The rule must be discharged.
This primary source comes from the Records of the Supreme Court of the United States.
National Archives Identifier: 1497352
Full Citation: Draft of Motion Rule for Marbury v. Madison; 1803; Original Jurisdiction Case Files, 1792 - 1998; Records of the Supreme Court of the United States, ; National Archives Building, Washington, DC. [Online Version, https://www.docsteach.org/documents/document/draft-marbury-madison, September 19, 2019]


Draft of Motion Rule for Marbury v. Madison

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Draft of Motion Rule for Marbury v. Madison

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Document

Presidential Proclamation 4311 of September 8, 1974, by President Gerald R. Ford granting a pardon to Richard M. Nixon.

9/8/1974

Gerald Ford was Vice President under President Richard Nixon and took over the Presidency when Nixon resigned. Nixon was under investigation for criminal activity while in office. With this document, Ford pardoned Nixon of any crimes he might have committed while President.
This primary source comes from the General Records of the United States Government.
National Archives Identifier: 299996
Full Citation: Presidential Proclamation 4311 of September 8, 1974, by President Gerald R. Ford granting a pardon to Richard M. Nixon.; 9/8/1974; General Records of the United States Government, . [Online Version, https://www.docsteach.org/documents/document/presidential-proclamation-4311-of-september-8-1974-by-president-gerald-r-ford-granting-a-pardon-to-richard-m-nixon, September 19, 2019]


Presidential Proclamation 4311 of September 8, 1974, by President Gerald R. Ford granting a pardon to Richard M. Nixon.

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Presidential Proclamation 4311 of September 8, 1974, by President Gerald R. Ford granting a pardon to Richard M. Nixon.

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Document

Judgment, Brown v. Board of Education

5/31/1955

On May 17, 1954, in Brown v. Board of Education of Topeka (five separate cases consolidated under a single name), the U.S. Supreme Court ruled unanimously that separate but equal public schools violated the 14th Amendment.

On May 31, 1955 – one year and two weeks after the ruling that racial segregation in public schools was unconstitutional – Chief Justice Earl Warren issued this decree, ruling how desegregation was to be carried out. The plan directs that schools be desegregated under the control of Federal district judges “with all deliberate speed.”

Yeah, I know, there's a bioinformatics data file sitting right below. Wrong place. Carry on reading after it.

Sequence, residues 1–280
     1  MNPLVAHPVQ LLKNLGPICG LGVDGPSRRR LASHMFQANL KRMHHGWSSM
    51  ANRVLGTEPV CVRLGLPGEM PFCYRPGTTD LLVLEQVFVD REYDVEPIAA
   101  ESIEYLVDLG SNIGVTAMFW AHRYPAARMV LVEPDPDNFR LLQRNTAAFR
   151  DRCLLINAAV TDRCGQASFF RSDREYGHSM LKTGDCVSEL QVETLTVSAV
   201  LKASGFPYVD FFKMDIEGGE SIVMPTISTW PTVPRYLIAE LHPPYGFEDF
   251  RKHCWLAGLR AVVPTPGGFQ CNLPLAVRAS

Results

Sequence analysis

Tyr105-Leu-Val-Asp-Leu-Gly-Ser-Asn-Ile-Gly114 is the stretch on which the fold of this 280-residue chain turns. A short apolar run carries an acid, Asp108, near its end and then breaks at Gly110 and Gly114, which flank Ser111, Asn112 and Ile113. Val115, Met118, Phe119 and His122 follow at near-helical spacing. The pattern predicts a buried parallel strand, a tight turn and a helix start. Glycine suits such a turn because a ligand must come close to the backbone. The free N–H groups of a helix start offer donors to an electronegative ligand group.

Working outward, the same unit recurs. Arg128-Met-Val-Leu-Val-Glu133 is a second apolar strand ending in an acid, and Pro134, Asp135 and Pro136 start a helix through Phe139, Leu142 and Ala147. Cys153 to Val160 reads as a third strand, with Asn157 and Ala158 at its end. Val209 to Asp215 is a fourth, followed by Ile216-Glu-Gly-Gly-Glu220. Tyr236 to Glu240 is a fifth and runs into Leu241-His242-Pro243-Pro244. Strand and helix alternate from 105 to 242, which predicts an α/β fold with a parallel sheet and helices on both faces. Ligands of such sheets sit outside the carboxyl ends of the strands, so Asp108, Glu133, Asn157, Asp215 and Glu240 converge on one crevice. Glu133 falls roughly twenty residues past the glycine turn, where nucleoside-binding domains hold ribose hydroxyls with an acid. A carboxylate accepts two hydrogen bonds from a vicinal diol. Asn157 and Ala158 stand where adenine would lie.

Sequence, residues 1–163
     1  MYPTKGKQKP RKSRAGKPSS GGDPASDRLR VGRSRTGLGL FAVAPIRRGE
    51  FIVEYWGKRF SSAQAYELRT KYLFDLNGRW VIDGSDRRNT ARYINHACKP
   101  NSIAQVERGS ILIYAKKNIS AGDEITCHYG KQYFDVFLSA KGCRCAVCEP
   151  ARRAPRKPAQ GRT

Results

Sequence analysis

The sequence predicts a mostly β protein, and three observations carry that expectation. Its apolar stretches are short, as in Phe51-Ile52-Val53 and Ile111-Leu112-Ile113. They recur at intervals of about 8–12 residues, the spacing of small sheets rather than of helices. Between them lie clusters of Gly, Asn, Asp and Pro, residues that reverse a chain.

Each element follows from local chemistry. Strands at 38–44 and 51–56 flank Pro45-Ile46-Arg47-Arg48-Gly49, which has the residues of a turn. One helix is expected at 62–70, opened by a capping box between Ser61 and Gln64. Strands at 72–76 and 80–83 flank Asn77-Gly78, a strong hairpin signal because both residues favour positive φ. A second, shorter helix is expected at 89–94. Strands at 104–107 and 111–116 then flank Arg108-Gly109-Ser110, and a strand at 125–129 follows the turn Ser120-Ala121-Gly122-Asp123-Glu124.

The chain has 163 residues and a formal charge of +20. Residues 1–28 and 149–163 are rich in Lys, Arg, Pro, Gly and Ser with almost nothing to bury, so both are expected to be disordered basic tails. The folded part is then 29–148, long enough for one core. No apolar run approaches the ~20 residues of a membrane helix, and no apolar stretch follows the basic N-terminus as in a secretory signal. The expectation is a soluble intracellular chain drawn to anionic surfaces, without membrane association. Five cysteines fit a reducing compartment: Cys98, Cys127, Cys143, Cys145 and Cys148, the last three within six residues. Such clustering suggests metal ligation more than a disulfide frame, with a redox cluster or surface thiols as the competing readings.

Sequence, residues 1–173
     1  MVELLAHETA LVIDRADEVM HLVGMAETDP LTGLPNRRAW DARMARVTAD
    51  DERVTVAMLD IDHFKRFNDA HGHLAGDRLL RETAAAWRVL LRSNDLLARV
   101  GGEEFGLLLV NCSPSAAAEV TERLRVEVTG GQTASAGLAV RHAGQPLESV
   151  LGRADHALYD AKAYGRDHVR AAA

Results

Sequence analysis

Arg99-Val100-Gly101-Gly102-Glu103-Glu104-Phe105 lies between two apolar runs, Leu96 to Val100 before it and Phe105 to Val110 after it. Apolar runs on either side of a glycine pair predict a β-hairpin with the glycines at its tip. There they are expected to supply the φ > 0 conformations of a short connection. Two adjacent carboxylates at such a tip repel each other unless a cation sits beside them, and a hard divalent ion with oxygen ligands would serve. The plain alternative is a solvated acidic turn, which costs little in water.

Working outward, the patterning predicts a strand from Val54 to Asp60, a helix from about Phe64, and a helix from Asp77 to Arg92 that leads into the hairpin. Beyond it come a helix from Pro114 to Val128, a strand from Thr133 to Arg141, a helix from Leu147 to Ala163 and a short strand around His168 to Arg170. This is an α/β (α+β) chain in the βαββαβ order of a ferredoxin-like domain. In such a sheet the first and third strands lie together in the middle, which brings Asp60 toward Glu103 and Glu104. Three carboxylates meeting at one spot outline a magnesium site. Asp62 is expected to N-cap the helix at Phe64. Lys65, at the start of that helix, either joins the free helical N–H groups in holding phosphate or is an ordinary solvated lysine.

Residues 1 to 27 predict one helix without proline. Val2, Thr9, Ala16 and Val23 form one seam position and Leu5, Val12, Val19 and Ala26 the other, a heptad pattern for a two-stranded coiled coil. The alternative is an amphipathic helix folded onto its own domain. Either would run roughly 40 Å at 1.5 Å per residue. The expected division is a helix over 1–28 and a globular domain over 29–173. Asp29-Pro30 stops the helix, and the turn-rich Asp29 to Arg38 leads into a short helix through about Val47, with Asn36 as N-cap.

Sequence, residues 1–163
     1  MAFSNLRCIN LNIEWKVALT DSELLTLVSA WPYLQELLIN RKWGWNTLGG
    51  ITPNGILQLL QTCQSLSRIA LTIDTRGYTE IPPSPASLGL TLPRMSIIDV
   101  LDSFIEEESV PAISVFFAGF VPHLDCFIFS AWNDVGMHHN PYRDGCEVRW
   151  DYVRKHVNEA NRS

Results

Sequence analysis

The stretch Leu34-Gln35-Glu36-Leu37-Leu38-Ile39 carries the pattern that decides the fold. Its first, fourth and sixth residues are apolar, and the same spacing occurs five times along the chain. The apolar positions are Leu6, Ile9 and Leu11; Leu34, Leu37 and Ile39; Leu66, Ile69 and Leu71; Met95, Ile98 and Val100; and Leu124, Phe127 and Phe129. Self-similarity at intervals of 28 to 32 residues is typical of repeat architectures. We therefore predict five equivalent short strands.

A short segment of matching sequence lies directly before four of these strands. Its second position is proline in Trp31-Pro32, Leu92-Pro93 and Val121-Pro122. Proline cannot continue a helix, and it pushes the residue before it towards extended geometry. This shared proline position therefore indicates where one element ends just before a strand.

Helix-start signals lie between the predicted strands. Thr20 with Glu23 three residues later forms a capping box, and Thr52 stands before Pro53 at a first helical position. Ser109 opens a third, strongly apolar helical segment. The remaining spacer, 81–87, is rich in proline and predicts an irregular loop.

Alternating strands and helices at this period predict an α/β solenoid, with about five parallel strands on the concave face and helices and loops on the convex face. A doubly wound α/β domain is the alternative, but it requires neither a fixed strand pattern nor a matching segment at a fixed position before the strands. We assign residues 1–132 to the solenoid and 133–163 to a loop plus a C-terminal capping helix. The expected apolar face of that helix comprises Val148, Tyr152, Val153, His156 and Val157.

Transcript

Supreme Court of the United States

No. 1 ------ , October Term 1954

Oliver Brown, Mrs. Richard Lawton, Mrs. Sadie Emmanuel et al.. Appellants,

vs.

Board of Education of Topeka, Shawnee County, Kansas, et al.

Appeal from the United States District Court for the District of Kansas.

This case came on to be heard on the transcript of the records from the United States District Court for the District of Kansas, and was argued by counsel.

On consideration whereof, It is ordered and adjudged by this Court that the judgement of the said District Court in this cause be, and the same is hereby, reversed with costs; and that this cause be, and the is hereby, remanded to the said District Court to take such proceedings and enter such orders and decrees consistent with the opinions of this Court as are necessary and proper to admit to public schools on a racially nondiscriminatory basis with all deliberate speed the parties to this case.

Per Mr. Chief Justice Warren,
May 31, 1955
This primary source comes from the Records of the Supreme Court of the United States.
National Archives Identifier: 596300
Full Citation: Judgment, Brown v. Board of Education; 5/31/1955; Case File for Brown et al. v. Board of Education of Topeka et al.; Appellate Jurisdiction Case Files, 1792 - 2010; Records of the Supreme Court of the United States, ; National Archives Building, Washington, DC. [Online Version, https://www.docsteach.org/documents/document/judgment-brown-v-board, September 19, 2019]